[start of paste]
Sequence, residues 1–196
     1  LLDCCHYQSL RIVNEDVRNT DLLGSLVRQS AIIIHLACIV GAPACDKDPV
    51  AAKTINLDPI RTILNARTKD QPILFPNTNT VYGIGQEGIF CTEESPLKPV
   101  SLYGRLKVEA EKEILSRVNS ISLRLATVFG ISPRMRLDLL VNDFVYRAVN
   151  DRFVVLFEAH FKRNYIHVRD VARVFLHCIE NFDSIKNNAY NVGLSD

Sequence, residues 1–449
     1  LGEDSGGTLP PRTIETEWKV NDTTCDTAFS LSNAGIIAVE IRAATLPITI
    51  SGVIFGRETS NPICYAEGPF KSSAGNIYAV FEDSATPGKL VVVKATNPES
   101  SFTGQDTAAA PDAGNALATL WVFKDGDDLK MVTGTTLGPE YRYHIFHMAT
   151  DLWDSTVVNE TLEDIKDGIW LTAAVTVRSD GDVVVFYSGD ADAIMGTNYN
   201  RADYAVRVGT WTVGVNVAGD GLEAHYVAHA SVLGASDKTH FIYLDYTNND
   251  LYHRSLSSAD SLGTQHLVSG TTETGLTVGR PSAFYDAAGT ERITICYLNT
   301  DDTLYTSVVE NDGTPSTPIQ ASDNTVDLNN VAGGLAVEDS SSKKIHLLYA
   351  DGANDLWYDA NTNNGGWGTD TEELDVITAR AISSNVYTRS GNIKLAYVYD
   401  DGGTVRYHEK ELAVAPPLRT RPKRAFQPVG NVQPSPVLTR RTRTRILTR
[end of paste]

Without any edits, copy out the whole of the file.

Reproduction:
Sequence, residues 1–196
     1  LLDCCHYQSL RIVNEDVRNT DLLGSLVRQS AIIIHLACIV GAPACDKDPV
    51  AAKTINLDPI RTILNARTKD QPILFPNTNT VYGIGQEGIF CTEESPLKPV
   101  SLYGRLKVEA EKEILSRVNS ISLRLATVFG ISPRMRLDLL VNDFVYRAVN
   151  DRFVVLFEAH FKRNYIHVRD VARVFLHCIE NFDSIKNNAY NVGLSD

Sequence, residues 1–449
     1  LGEDSGGTLP PRTIETEWKV NDTTCDTAFS LSNAGIIAVE IRAATLPITI
    51  SGVIFGRETS NPICYAEGPF KSSAGNIYAV FEDSATPGKL VVVKATNPES
   101  SFTGQDTAAA PDAGNALATL WVFKDGDDLK MVTGTTLGPE YRYHIFHMAT
   151  DLWDSTVVNE TLEDIKDGIW LTAAVTVRSD GDVVVFYSGD ADAIMGTNYN
   201  RADYAVRVGT WTVGVNVAGD GLEAHYVAHA SVLGASDKTH FIYLDYTNND
   251  LYHRSLSSAD SLGTQHLVSG TTETGLTVGR PSAFYDAAGT ERITICYLNT
   301  DDTLYTSVVE NDGTPSTPIQ ASDNTVDLNN VAGGLAVEDS SSKKIHLLYA
   351  DGANDLWYDA NTNNGGWGTD TEELDVITAR AISSNVYTRS GNIKLAYVYD
   401  DGGTVRYHEK ELAVAPPLRT RPKRAFQPVG NVQPSPVLTR RTRTRILTR